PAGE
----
One of the issues I’ve come across is using Configuration Managers (2012 R2+) feature of being able to deploy multiple Software Update Points (SUP) within a site. This scenario is essentially to avoid using traditional network load balancing (NLB) and offload the work to the clients. One would think, if one SUP is not available it’s pretty simple, switch to the next one in the list. Well this doesn’t always happen as one may expect. Why?

The Why

Whenever a client executes a Software Updates Scan Cycle (scheduled or manual), it attempts to kick off the Windows Update scan. You can watch this scan pass or fail with the error code by watching the log WUAHandler.log in the C:\Windows\CCM\logs directory. Because you’ve come across this, you’ve probably already found that file, but in any case you’ll want to see what the error code is in the log file. This is written in hexadecimal. Example:

Scan failed with error = 0x80072ee2

System Center Configuration Manager sees that it fails. Now that SCCM has caught a failure, it is supposed to retry 4 more times at every 30 minute intervals. After this time, it is supposed to switch to the next SUP in the site, wait 2 minutes for the local Group Policy to change and be applied. Now if this is not happening, this is mostly because Configuration Manager only monitors certain type of errors! This is kind of frustrating. To me, your load balancer throws an error, we automatically switch over. Generally, we don’t care what error is thrown. An error is an error. Change the SUP!

Monitored “Retry” Error Codes

In decimal format, the retry error numbers that are monitored by default are:

2149842970, 2147954429, 2149859352, 2149859362, 2149859338, 2149859344, 2147954430, 2147747475, 2149842974, 2149859342, 2149859372, 2149859341, 2149904388, 2149859371, 2149859367, 2149859366, 2149859364, 2149859363, 2149859361, 2149859360, 2149859359, 2149859358, 2149859357, 2149859356, 2149859354, 2149859353, 2149859350, 2149859349, 2149859340, 2149859339, 2149859332, 2149859333, 2149859334, 2149859337, 2149859336, 2149859335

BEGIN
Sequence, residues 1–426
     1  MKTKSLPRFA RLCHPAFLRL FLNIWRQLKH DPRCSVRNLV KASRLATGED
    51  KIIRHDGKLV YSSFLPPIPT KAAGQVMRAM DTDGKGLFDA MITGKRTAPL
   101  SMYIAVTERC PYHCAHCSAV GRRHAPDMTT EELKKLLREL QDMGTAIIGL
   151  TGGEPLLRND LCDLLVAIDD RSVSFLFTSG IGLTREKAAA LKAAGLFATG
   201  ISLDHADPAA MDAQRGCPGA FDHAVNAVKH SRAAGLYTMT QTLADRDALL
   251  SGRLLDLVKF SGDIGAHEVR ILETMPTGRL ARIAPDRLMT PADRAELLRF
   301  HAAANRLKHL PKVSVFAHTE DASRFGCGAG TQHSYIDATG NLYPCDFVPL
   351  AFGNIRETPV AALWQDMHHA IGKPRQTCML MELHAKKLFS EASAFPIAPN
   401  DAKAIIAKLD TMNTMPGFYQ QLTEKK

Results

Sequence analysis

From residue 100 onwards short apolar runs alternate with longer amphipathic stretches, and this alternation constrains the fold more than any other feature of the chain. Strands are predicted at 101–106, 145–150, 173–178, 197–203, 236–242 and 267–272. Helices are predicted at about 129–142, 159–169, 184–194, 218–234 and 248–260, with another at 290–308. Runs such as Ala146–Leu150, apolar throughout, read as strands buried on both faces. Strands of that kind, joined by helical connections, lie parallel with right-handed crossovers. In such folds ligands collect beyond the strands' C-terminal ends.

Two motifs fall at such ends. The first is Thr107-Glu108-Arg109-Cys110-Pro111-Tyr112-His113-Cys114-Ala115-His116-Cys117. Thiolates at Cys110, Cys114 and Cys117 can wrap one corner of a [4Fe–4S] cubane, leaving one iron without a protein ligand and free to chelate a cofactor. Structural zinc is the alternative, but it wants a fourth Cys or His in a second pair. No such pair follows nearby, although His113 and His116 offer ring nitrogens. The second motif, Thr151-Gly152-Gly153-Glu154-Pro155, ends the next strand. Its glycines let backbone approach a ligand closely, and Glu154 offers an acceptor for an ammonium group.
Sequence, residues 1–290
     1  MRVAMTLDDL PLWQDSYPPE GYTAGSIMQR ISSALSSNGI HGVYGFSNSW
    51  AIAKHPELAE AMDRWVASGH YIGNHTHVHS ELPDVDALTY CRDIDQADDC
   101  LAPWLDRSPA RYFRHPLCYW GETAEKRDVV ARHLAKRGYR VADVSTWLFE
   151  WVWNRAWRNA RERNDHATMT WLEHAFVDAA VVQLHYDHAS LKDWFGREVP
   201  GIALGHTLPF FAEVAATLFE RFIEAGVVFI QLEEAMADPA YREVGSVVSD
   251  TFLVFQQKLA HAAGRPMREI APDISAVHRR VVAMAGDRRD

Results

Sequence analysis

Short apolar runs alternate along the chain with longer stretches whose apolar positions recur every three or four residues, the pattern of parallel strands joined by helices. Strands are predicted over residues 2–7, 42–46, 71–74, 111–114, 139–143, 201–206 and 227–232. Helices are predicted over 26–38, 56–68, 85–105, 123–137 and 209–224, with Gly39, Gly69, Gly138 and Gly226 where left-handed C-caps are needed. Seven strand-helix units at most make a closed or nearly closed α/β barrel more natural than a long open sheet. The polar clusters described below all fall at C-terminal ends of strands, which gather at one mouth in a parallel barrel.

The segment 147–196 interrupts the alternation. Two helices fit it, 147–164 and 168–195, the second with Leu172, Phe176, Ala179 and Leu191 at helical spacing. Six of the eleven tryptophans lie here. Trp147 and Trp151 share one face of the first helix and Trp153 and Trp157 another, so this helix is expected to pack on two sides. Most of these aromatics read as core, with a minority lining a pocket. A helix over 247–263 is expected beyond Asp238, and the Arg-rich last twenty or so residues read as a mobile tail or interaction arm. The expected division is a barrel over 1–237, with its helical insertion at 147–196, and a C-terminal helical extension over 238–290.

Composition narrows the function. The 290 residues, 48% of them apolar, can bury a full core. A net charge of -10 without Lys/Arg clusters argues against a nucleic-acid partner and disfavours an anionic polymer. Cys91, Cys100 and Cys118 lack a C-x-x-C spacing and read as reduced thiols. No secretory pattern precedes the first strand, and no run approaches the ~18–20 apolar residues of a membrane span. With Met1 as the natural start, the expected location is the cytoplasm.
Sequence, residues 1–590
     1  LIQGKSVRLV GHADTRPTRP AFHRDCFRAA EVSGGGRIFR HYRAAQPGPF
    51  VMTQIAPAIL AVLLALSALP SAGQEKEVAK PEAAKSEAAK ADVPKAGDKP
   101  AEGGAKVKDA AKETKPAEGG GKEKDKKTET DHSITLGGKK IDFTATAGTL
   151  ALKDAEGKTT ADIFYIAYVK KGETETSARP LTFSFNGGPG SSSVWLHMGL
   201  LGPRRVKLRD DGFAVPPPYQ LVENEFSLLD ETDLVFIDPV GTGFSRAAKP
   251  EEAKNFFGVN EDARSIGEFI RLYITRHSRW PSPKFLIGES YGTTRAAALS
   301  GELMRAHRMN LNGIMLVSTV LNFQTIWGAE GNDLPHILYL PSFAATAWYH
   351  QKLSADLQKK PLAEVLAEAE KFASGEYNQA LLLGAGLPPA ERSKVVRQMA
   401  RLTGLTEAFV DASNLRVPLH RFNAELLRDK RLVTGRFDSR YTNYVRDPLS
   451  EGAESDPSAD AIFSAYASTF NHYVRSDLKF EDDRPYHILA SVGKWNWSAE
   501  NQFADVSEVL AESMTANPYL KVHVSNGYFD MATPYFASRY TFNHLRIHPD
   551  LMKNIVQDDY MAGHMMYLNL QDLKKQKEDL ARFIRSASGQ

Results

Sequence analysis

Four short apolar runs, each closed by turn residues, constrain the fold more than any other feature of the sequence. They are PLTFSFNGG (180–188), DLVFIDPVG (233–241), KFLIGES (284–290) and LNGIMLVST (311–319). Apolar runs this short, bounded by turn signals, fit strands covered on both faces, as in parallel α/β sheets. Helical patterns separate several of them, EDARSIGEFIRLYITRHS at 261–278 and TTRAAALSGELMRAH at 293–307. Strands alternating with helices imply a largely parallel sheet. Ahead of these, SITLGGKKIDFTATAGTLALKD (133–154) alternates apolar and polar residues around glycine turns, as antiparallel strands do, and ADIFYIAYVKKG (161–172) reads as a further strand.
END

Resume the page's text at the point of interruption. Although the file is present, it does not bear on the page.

Unfortunately, the errors logged in the log file are in hexadecimal. The easiest way is to copy the hexadecimal value from the log file and use the good old scientific mode in the calculator (calc.exe), set it to hex, paste and then switch it to decimal. If the code is in the list above, you’ve got some problems to look into. If it’s not. Then we MIGHT need to add it, depending on what your actual problem is.

To see a list of the retry error codes that the Configuration Manager SITE is monitoring, run this SQL query against the site database, then take a look at the Value2 column.

SELECT * FROM SC_Component_Property PROP join SC_SiteDefinition SCDEF ON SCDEF.SiteNumber = Prop.SiteNumber WHERE Prop.Name = 'WSUS Scan Retry Error Codes' AND SCDEF.SiteCode = 'xyz'

Scenario – SUP is not reachable, Firewall or Offline

The example of the log file entry above that failed with error 0x80072ee2 is a very common error. This means that the endpoint could not be reached. Well if it’s not considered a retry error code, the client will NEVER try and switch to a new SUP. If we have a firewall between the client and the current SUP, after each scan it will return a 0x80072ee2 error, it will continue to do this forever. In my opinion and experience, it is a very good idea to add this to the Retry Error Codes.